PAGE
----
This essay compares two poems: We Wear the Mask and The Negro Speaks of Rivers. Analysis shows that two distinct literary styles are used by the authors to explore African American experience. Both poems were written during a time when the black community was facing immense oppression and discrimination. Paul Laurence Dunbar and Langston Hughes use powerful imagery and symbolism to convey the struggles and resilience of their people. In this essay, we will compare and contrast the themes, symbolism, imagery, and literary devices used in these two powerful poems.
We Wear the Mask Summary
“We Wear the Mask”, a poem by Paul Laurence Dunbar, was first published in 1896. It tells the reader about the hypocrisy and oppression faced by African Americans in the late 19th century. The narrator states that African Americans wear masks to hide their true feelings and emotions because of the societal pressure to suppress them. They also state that the mask hides the pain and suffering that African Americans have experienced, and that they wear the mask to protect themselves from further harm. The poem ends with the line, “We wear the mask that grins and lies, It hides our cheeks and shades our eyes, This debt we pay to human guile; With torn and bleeding hearts we smile.” This line suggests that despite the pain and suffering they face, African Americans must put on a facade of happiness and contentment in order to survive in a society that oppresses them.
The Negro Speaks of Rivers Summary
“The Negro Speaks of Rivers”, a poem by Langston Hughes, celebrates the historical and spiritual significance of rivers to the African American experience. The poem describes the narrator’s connection to rivers. They have been a source of strength and inspiration for him throughout his life. He speaks of the Nile, the Euphrates, and the Mississippi, and how these rivers have been a witness to the history of the African American people, from the days of the slave trade to the Civil War and beyond. The narrator also tells the reader of his own personal connection to the rivers, saying that they have been a part of him since his birth. Overall, the poem is a powerful tribute to the enduring strength and resilience of the African American spirit.
We Wear the Mask Vs. The Negro Speaks of Rivers: Analysis
“We Wear the Mask” and “The Negro Speaks of Rivers” are poems that were written in the period following the Civil War. The poems also predate the Civil Rights Movement. During this period, most people had mixed feelings concerning the struggles of the African Americans. Both of these poems chronicle the diversity of these feelings.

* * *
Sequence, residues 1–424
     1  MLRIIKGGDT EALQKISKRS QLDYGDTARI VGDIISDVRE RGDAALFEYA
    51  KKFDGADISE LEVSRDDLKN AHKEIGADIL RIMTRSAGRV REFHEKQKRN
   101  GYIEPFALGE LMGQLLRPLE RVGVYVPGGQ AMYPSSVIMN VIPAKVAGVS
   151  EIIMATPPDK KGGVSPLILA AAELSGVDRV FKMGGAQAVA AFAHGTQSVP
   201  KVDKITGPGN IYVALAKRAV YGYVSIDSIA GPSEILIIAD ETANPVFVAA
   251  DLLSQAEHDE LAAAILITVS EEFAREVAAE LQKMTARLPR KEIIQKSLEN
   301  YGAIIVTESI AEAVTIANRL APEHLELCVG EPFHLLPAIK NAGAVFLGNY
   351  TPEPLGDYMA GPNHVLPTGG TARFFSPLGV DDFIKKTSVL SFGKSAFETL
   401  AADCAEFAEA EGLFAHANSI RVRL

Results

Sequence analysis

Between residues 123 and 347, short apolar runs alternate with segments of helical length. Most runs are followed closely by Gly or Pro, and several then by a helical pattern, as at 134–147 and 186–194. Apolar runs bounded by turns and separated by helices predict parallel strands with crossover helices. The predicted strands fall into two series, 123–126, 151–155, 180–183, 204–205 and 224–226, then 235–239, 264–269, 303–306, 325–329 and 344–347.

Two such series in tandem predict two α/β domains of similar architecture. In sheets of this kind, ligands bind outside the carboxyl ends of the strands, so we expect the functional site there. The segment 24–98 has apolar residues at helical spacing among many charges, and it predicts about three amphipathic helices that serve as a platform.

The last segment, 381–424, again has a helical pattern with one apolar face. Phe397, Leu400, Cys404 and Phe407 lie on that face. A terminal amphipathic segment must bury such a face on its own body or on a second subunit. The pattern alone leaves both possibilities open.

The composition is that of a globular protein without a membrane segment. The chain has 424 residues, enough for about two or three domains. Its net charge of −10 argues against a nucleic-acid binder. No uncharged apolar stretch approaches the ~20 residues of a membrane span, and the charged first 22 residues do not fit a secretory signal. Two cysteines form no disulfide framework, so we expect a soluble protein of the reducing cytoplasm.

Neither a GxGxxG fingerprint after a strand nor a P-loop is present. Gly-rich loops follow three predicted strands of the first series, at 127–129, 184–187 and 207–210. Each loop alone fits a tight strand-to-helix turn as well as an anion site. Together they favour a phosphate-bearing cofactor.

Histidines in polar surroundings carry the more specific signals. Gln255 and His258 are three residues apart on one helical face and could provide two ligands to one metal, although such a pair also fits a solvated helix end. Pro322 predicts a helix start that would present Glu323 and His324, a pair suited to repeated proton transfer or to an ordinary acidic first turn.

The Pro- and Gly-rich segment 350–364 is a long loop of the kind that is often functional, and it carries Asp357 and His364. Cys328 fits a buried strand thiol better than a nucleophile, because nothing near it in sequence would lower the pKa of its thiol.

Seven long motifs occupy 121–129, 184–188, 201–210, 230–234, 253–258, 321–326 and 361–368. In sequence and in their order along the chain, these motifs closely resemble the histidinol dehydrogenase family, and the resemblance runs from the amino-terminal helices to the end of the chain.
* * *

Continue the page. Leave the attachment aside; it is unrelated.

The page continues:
However, it is clear that the message from both poets is that the struggle continues. There are many similarities and differences in interpretation between these two poems. Some of these are clear-cut, while the others are subtle. This paper will compare and contrast the messages carried by these works of literature.
Dunbar says that the African Americans wear a mask that portrays them as a happy lot to the rest of the world. “We Wear the Mask” was released to the world in 1896. During this time, slavery had just ended and everyone expected the African American population to be in high spirits. Dunbar scoffs at this idea by portraying African Americans as wearing masks of happiness. However, as the speaker asserts in line 3, the African American population has “torn and bleeding hearts”. By the time this poem was written, the fight against racism and unequal treatment was still bubbling under the surface.
This is why Dunbar confirms that African Americans are just masking their real feelings. The mask symbolizes the attitude that was assumed by most African Americans soon after slavery was abolished. Deep down they knew they deserved more rights, but they declined to air these issues in the open. They instead chose to turn to other avenues like their faith in Christ. In the third stanza, the speaker says that they cry to Christ while misleading the rest of the world about their plight.
Hughes, who wrote his poem twenty-five years after Dunbar’s was published, has a different approach on African American issues. Hughes’ poem carries a strong message that highlights pride of origin. The speaker reaffirms albeit with pride, that his roots are connected to mighty rivers. Between the time Dunbar wrote his poem and the time Hughes wrote his, many events had already transpired.
Over this period, the struggles of the African Americans had multiplied. This is why Hughes took the time to explore the history and origins of African Americans. By doing this, the poet asserts that the strength and the history of African Americans cannot be shaken by the events of the time. According to Hughes, even if the African Americans wear a mask, their heritage and pride cannot be altered.
The “mask” described by Dunbar only hides the rich heritage that is described by Hughes in “The Negro Speaks of Rivers”. Those who see the African Americans at the time seem oblivious of the contribution they made to several ancient civilizations. These civilizations occurred in different areas and periods. The Africans thrived in all of them. Fellow Americans at the time only viewed African Americans as recently freed slaves. However, they failed to take into consideration that before they were slaves they had a rich and significant history. The speaker in Hughes poem unifies the plight of all African Americans because of their shared origin.
Both of these poems raise pertinent issues concerning the struggle of African Americans. These struggles were to materialize when they achieved equal rights and overcame racism. The two authors agree that the struggle is still not over but they do so in the context of their times.